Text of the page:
indemnity as the skinflint payment of an overdue debt,
and the message as no more than the thanks they had well
deserved. But the money was extremely welcome to people
who would have been bankrupt without it. Nearly a quarter
of a million sterling was sent out in 217 cases of Spanish
dollars and 100 barrels of coppers, which were driven
through the streets of Boston in 27 trucks.

The next three years in Louisbourg were completely
uneventful. The town resumed its former life, but in a
still more makeshift fashion. Nobody knew how long the
truce would last; and nobody wanted to take root
commercially in a place that might experience another
violent change at any time. Nevertheless, smuggling
flourished as vigorously as before. British shipping did
most of it. Many vessels came from England, many from
Boston, some, and very active ones, from Halifax. Joshua
Mauger smuggled from France to Louisbourg, from Louisbourg
to 'Mauger's Beach' near Halifax, and from Halifax all
over Acadia and the adjacent colonies. He also supplied
the Micmacs with scalping-knives and tomahawks for use
against his own countrymen. He died, a very rich man, in
England, leaving his fortune to his daughter, who, with
her spendthrift husband, the Duc de Bouillon, was
guillotined during the French Revolution.

The officials were naturally affected by the same
uncertainty, which made them more than ever determined
to get rich and go home. The intendant Bigot was promoted
to Quebec, there to assist his country's enemies by the
worst corruption ever known in Canada. But the new
intendant, Prevost, though a man of very inferior talent,
did his best to follow Bigot's lead.

French regulars still regarded the Louisbourg routine as
their most disgusting duty. But it became more tolerable
with the increase of the garrison. The fortifications
were examined, reported on, repaired, and extended. The
engineers, like all the other Frenchmen connected with
unhappy Louisbourg, Bigot alone excepted, were second-
and third-rate men; and the actual work was done as badly
as before. But, on the whole, the place was strengthened,
especially by a battery near the lighthouse. With this
and the Island Battery, one on either side of the narrow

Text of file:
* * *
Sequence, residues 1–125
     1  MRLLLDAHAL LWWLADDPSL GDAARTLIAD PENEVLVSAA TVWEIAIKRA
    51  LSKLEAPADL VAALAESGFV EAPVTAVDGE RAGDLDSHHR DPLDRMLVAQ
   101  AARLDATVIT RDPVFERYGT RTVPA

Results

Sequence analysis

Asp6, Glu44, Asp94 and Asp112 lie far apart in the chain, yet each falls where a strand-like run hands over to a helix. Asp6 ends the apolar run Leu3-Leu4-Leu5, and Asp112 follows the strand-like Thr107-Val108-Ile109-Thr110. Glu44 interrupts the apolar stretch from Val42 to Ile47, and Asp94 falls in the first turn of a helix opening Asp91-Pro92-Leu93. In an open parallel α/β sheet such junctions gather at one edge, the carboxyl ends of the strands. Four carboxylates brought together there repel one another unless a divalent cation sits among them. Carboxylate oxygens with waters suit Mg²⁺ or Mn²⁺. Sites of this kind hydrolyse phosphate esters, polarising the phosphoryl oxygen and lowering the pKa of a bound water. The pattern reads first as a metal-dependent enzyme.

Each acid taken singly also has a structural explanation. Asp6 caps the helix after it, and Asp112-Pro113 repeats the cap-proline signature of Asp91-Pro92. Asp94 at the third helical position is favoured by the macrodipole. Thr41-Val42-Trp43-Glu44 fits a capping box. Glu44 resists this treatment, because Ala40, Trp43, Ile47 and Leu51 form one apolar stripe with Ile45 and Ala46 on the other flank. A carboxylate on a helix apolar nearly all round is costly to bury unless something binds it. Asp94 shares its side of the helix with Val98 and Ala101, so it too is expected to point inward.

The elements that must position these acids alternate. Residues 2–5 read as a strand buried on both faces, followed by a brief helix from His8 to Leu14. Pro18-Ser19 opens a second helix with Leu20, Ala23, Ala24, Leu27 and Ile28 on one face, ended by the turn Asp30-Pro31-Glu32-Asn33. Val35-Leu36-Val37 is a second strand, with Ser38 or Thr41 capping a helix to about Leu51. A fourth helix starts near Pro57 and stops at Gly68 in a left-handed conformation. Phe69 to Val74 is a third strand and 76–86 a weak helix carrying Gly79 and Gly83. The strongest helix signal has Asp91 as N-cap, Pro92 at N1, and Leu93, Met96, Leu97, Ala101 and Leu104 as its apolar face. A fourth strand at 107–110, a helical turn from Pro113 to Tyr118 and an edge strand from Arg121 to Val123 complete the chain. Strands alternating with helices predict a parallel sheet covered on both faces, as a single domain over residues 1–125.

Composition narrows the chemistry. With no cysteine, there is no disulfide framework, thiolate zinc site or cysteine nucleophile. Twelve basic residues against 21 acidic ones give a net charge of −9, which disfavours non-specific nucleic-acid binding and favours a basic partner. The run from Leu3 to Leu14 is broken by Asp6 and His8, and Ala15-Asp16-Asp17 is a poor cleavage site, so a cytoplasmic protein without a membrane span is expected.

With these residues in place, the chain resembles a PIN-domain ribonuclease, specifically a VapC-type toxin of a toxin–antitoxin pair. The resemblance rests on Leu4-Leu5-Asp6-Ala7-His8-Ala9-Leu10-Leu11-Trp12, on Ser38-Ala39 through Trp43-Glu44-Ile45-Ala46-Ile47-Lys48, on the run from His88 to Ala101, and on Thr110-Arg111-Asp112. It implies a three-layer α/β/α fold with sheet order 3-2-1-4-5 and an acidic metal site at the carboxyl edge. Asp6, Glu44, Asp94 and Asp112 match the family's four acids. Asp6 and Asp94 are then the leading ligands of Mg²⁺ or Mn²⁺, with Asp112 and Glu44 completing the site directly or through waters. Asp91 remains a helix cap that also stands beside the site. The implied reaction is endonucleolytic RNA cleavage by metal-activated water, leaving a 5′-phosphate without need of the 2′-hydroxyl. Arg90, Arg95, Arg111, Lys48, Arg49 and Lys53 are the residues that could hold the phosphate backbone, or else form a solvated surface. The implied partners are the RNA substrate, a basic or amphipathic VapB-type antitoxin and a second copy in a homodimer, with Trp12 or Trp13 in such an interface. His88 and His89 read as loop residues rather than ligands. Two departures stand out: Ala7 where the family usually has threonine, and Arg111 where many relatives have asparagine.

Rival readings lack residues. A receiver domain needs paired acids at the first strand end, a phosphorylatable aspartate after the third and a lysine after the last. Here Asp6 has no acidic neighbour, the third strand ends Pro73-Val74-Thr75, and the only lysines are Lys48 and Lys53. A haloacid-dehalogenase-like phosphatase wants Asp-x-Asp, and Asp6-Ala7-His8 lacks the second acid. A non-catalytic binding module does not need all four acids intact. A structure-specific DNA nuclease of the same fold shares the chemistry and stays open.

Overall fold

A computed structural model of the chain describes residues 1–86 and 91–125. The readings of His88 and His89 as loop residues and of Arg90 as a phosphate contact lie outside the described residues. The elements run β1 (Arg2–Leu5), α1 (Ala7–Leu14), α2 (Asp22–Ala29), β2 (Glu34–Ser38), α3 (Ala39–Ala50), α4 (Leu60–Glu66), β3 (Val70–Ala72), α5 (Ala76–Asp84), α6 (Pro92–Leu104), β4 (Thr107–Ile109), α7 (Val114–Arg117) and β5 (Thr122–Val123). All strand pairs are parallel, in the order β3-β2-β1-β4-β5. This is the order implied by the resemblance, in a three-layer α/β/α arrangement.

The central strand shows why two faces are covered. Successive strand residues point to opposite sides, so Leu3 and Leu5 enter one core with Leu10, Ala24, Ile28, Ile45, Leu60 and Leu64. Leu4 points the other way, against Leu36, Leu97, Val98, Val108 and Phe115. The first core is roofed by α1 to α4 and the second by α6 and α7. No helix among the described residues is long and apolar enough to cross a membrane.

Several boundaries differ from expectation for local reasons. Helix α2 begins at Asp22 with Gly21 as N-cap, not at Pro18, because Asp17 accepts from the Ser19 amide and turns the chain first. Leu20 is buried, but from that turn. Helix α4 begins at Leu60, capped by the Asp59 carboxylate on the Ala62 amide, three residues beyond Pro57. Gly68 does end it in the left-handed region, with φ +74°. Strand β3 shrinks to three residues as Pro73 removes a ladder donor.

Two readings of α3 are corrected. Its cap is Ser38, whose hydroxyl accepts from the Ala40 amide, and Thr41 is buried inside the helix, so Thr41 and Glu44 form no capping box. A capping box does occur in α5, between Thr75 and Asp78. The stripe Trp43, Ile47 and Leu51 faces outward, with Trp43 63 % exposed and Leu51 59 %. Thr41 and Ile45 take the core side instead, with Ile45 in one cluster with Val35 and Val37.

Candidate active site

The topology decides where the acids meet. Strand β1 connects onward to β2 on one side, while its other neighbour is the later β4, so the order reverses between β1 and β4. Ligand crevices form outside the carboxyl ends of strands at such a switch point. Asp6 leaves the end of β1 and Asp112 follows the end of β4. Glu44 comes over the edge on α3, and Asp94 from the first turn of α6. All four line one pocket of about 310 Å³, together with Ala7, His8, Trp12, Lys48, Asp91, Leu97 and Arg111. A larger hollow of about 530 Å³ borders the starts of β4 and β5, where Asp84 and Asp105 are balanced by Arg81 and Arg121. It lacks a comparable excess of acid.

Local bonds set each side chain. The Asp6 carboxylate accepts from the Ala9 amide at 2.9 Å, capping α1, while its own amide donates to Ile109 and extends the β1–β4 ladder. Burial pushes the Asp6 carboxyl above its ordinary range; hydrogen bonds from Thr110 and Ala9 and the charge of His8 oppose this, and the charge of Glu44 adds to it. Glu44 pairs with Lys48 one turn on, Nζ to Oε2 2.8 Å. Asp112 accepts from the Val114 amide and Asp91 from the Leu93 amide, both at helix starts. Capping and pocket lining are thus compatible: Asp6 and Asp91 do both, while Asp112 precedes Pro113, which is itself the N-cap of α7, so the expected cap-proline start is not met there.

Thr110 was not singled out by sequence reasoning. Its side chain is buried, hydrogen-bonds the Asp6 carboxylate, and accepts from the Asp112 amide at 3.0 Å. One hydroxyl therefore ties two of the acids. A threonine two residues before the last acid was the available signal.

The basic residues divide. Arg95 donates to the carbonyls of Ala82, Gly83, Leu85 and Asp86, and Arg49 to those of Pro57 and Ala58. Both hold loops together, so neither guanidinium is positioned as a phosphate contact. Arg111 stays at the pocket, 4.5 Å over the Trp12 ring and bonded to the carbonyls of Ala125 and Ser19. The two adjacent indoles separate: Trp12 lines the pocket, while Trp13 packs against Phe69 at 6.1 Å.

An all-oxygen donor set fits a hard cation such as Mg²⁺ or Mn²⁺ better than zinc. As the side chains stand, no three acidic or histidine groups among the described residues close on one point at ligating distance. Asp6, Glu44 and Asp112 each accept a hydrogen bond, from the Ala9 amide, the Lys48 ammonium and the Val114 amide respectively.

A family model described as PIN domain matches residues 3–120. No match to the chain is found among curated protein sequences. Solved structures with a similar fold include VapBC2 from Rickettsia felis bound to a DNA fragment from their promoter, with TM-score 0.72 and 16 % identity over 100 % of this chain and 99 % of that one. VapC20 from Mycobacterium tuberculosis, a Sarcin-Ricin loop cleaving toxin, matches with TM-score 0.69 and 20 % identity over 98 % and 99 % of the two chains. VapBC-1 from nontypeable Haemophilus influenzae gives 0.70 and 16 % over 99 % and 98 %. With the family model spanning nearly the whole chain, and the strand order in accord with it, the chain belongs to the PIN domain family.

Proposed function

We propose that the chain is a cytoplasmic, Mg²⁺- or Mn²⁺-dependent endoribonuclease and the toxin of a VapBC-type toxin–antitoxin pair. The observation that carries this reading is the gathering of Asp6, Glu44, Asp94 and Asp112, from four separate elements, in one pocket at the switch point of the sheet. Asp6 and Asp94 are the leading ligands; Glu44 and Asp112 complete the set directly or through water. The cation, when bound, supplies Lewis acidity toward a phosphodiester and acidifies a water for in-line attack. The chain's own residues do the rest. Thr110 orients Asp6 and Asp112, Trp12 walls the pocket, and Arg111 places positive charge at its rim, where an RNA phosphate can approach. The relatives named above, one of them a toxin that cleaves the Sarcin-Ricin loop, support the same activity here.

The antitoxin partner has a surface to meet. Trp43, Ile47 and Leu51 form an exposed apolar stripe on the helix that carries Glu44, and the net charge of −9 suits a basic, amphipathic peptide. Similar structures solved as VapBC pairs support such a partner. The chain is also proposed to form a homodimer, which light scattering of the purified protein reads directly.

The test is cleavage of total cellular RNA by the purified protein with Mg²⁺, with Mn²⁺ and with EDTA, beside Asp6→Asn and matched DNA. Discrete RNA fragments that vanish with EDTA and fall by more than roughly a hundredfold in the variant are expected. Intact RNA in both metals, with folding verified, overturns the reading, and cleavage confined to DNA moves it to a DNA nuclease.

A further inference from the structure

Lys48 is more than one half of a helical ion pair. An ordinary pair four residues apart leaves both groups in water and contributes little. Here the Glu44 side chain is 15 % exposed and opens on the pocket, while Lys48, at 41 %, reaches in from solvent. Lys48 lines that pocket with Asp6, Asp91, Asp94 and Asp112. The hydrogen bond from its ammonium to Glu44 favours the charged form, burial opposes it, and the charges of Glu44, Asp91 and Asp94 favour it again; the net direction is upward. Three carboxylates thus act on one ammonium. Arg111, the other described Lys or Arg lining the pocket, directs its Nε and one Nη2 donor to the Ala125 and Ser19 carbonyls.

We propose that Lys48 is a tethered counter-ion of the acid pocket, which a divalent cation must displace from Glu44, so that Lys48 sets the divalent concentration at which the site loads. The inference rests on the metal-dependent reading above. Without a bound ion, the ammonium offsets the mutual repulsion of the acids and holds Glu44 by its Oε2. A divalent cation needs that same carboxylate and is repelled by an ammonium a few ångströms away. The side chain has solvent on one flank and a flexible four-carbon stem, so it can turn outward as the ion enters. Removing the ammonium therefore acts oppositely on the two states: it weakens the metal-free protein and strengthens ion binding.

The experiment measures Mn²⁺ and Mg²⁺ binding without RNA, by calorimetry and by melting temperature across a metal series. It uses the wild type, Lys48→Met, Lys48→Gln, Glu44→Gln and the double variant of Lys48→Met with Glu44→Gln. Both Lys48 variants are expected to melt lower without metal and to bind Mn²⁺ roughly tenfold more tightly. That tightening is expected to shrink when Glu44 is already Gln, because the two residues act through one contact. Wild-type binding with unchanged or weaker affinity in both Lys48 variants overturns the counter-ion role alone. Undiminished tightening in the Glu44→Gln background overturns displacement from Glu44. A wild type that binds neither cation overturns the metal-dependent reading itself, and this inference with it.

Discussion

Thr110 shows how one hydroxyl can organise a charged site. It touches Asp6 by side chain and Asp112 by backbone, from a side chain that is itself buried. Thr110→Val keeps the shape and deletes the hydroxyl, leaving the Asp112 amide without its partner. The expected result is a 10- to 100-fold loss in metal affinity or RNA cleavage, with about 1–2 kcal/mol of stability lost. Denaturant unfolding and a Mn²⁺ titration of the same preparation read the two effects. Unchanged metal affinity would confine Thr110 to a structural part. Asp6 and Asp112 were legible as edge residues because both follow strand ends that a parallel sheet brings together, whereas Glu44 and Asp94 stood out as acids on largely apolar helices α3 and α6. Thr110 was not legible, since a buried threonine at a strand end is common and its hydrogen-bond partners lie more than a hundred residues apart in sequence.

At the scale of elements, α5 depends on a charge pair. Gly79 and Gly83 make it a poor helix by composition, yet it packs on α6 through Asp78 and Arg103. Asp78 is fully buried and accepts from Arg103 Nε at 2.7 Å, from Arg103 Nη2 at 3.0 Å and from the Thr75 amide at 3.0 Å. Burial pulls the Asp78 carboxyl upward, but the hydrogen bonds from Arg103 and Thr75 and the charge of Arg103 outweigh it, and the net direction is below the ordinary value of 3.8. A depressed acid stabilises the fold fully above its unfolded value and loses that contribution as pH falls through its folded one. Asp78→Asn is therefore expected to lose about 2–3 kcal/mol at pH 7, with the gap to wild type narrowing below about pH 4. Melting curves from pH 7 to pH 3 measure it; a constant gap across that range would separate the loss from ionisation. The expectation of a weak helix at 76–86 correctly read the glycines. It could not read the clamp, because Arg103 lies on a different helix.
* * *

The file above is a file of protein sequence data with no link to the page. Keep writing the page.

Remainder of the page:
entrance, which the Royal Battery faced directly, almost
a hundred guns could be brought to bear on any vessels
trying to force their way in.

The end of the five years' truce was marked by voluminous
reports and elaborate arguments to prove how well Louisbourg
was being governed, how admirably the fortifications had
been attended to (with the inadequate means at the
intendant's disposal), and how desirable it was, from
every point of view, for the king to spend a great deal
more money all round in the immediate future. Fisheries,
shipbuilding, fortification, Indians, trade, religion,
the naval and military situation, were all represented
as only needing more money to become quite perfect.
Louisbourg was correctly enough described as an
indispensable link between France and the long chain of
French posts in the valleys of the Mississippi and the
St Lawrence. But less well explained in America and less
well understood in Europe was the fact that the separate
military chains in Old France and New could never hold
an oversea dominion unless a naval chain united them.
Some few Frenchmen understood this thoroughly. But most
did not. And France, as a whole, hoped that a vigorous
offensive on land would more than counterbalance whatever
she might lose by an enforced defensive on the sea.

In 1754 Washington's first shot beyond the Alleghanies
broke the hollow truce between the French and British
colonies, whose lines of expansion had once more inevitably
crossed each other's path. This proved to be the beginning
of the last 'French and Indian War' in American history,
of that 'British Conquest of Canada' which formed part
of what contemporary Englishmen called the 'Maritime
War,' and of that great military struggle which continental
Europe called the 'Seven Years' War.'

The year 1755 saw Braddock's Defeat in the west, the
battle of Lake George in the centre, and two pregnant
events in the east, one on either side of Louisbourg--the
expulsion of the Acadians, and the capture by Boscawen
of two French men-of-war with several hundred soldiers
who were to reinforce the army that was soon to be
commanded by Montcalm.

The next year, 1756, saw the formal declaration of war
in Europe, its continued prosecution in America, and the
taking of Oswego, which was the first of Montcalm's four
victories against the overwhelming British. But Louisbourg
still remained untouched.

Not till 1757 was the first attempt made to break this
last sea link with France. There was a very natural
anxiety, among the British on both sides of the Atlantic,
to do conspicuously well against Louisbourg. Fort Necessity,
Braddock's Defeat, and Montcalm's daring capture of
Oswego, coming with cumulative effect, in three successive
campaigns, had created a feeling of bitter disappointment
in America; while the Black Hole of Calcutta; the loss
of Minorca, and, worse still, Byng's failure to bring a
British fleet into decisive action, had wounded the
national pride in England.

But 1757 turned out to be no better than its disconcerting
predecessors. True, England's ally, Frederick the Great,
won consummate victories at Rossbach and at Leuthen. But
that was at the end of a very desperate campaign. True,
also, that Clive won Plassey and took Chandernagore. But
those were far away from English-speaking homes; while
heavy reverses close at hand brought down the adverse
balance. Pitt, the greatest of all civilian ministers of
War, was dismissed from office and not reinstated till
the British Empire had been without a cabinet for eleven
weeks. The French overran the whole of Hanover and rounded
up the Duke of Cumberland at Kloster-Seven. Mordaunt and
his pettifogging councils of war turned the joint expedition